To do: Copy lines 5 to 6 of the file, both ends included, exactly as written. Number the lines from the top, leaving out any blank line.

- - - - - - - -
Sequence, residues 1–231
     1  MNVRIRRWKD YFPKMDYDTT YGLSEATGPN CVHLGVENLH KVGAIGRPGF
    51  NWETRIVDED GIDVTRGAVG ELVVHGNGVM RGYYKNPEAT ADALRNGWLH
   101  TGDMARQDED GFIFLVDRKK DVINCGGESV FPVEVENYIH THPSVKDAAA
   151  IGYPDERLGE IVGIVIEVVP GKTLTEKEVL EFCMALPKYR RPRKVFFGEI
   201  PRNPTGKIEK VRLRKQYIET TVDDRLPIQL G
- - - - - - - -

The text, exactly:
   151  IGYPDERLGE IVGIVIEVVP GKTLTEKEVL EFCMALPKYR RPRKVFFGEI
   201  PRNPTGKIEK VRLRKQYIET TVDDRLPIQL G